Boris Nikolayevich Yeltsin was the first President of Russia after the collapse of the USSR. He led the country from 1991 to 1999. Yeltsin was born on February 1, 1931 in the village of Butka, in southern Russia. He earned a degree in civil engineering when he was 24. In 1961 he joined the CPSU, the Soviet Communist Party, and in the 1970s he began his career in politics. In 1985 the Secretary General of the Soviet Communist Party, Mikhail Gorbachev, named Yeltsin First Secretary of the Moscow Committee.

The Soviet Union was in the middle of a serious economic crisis. To balance the national budget, Gorbachev implemented a series of economic reforms known as perestroika, the Russian word for restructuring. Boris Yeltsin was critical of the slow pace of change and became Gorbachev’s main rival. Yeltsin called for faster and more radical reforms of the Soviet economy, and denounced corruption in the system. In 1988 he was expelled from the Politburo, the party’s policymaking committee. But Yeltsin’s popularity was on the rise. In 1989, he was elected to the Congress of People’s Deputies – the new Soviet Parliament conceived by Gorbachev to bring democracy to the country. In the meantime, the economic crisis continued to rage. In June 1990, Yeltsin again clashed with Gorbachev, who had become President of the Soviet Union. Yeltsin called for the dissolution of the USSR.

He believed that the only way to save the Soviet Union’s republics from financial collapse was to make them independent and allow them to have free trade relations with the West. In June 1991, thanks to an electoral reform allowing voters direct choice over their representatives, Yeltsin became President of the Russian Republic. He was tested that August, when a group of conservative communists attempted to remove Gorbachev from power by force. Yeltsin lead a counter-coup, opposing the tanks occupying Moscow’s streets. In the wake of the crisis, the communist party was outlawed. On December 25, 1991, after a dramatic Parliamentary battle with Yeltsin, Gorbachev resigned as President of the USSR. The same day the USSR officially ceased to exist.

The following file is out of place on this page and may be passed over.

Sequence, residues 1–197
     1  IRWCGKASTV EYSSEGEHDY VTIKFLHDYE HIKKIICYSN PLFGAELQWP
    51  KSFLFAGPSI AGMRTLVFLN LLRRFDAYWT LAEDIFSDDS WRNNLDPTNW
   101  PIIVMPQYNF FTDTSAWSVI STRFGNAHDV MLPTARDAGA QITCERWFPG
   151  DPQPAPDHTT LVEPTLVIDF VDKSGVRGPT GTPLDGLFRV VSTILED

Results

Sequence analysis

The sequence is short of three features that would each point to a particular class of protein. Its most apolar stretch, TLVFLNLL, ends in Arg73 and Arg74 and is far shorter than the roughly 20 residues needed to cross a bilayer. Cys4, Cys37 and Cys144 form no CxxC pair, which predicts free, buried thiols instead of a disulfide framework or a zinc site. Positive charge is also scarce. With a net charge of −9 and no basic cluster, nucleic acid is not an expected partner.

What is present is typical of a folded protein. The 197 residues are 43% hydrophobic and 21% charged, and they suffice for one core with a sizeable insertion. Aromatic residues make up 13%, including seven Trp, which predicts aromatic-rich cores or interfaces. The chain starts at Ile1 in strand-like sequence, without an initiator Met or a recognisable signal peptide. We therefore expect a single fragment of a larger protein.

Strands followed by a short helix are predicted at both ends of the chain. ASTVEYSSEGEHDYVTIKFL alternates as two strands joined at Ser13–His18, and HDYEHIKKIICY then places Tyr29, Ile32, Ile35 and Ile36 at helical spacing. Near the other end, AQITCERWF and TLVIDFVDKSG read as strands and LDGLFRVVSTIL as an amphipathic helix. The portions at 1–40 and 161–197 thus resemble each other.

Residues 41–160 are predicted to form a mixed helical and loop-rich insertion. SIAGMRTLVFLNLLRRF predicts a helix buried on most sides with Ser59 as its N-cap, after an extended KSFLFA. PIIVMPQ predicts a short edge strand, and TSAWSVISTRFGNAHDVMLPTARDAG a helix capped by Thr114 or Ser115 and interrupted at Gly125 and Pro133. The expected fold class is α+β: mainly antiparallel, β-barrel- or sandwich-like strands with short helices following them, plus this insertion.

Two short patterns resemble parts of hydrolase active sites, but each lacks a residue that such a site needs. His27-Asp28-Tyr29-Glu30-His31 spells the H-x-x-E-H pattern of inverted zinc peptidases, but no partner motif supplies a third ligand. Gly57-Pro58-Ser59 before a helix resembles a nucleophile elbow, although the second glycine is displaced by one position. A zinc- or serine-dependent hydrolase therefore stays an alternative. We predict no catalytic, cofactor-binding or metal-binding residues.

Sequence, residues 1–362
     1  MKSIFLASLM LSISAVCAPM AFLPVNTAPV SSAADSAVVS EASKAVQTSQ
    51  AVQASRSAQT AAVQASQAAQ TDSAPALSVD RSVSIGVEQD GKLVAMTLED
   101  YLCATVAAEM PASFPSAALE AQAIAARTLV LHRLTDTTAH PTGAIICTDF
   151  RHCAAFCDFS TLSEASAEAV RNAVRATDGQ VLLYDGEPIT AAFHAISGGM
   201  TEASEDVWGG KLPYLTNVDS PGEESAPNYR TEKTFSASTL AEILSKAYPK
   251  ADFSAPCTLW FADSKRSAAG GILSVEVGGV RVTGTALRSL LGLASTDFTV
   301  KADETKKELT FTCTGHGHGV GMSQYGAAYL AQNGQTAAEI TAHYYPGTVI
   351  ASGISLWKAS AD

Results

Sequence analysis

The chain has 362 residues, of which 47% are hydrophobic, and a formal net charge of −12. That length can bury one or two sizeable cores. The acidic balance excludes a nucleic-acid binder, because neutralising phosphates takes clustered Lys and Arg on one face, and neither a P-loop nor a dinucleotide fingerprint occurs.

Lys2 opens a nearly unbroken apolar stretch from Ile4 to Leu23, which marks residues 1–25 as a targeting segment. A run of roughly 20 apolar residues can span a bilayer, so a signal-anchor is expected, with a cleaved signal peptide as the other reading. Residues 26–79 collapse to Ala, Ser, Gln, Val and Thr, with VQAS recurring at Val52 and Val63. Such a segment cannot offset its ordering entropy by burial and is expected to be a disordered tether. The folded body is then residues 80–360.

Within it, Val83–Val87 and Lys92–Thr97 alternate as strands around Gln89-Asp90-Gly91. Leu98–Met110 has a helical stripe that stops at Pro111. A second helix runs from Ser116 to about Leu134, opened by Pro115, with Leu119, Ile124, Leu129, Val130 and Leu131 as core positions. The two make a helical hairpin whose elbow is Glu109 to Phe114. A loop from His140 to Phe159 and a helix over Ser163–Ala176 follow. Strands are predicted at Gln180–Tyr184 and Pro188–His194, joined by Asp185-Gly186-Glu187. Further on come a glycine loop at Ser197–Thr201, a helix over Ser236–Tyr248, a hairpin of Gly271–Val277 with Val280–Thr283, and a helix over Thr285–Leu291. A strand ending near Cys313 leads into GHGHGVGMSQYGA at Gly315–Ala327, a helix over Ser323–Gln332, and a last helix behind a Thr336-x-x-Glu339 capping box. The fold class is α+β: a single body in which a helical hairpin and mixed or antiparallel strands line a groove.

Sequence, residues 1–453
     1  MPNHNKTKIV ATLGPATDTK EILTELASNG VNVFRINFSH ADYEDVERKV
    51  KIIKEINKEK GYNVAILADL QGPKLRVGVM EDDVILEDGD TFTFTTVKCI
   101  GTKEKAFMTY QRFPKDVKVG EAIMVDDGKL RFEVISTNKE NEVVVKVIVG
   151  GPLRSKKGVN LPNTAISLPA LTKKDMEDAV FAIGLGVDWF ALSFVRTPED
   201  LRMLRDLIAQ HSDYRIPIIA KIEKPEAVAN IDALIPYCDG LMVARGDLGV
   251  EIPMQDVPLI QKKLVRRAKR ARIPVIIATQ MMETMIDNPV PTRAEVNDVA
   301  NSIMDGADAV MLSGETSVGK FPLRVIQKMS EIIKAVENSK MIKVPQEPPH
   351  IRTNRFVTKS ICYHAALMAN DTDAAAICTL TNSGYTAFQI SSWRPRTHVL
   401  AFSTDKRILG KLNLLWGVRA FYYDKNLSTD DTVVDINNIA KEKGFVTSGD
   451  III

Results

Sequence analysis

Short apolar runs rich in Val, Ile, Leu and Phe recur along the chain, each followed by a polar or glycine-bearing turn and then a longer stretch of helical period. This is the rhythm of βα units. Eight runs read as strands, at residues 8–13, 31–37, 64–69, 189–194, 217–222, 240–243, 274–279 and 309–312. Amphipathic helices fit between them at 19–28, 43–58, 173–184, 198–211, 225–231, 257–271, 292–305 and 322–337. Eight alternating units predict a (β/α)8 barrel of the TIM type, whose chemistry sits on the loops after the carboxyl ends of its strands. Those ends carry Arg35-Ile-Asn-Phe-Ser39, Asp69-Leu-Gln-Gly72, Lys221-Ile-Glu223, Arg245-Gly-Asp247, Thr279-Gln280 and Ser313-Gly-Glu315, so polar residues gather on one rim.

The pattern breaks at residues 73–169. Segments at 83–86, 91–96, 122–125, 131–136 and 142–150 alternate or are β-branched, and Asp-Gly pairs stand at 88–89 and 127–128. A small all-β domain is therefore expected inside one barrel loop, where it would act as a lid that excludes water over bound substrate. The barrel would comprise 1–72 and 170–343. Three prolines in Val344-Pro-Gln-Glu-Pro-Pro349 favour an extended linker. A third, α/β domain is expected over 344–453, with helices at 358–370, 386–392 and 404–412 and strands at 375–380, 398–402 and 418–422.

Yeltsin became the leader of the Russian Federation, which included the 12 nations that formerly belonged to the Soviet Union. But the transition from a communist system to a market economy was far from painless, and Yeltsin failed to remedy the economic crisis sweeping the country. Opposition parties were fiercely critical of his policies. Yeltsin dissolved Parliament in September 1993 when they refused to grant him more power. When many deputies convened in Parliament to protest the decision, Yeltsin ordered the building shelled. Over 100 people died. Yeltsin was reelected President in July 1996. But his popularity had declined, and his health was severely compromised by a drinking problem. He resigned three years later. His successor was Vladimir Putin, one of Yeltsin’s most loyal followers. Boris Yeltsin died of heart failure on April 23, 2007. He was 76.
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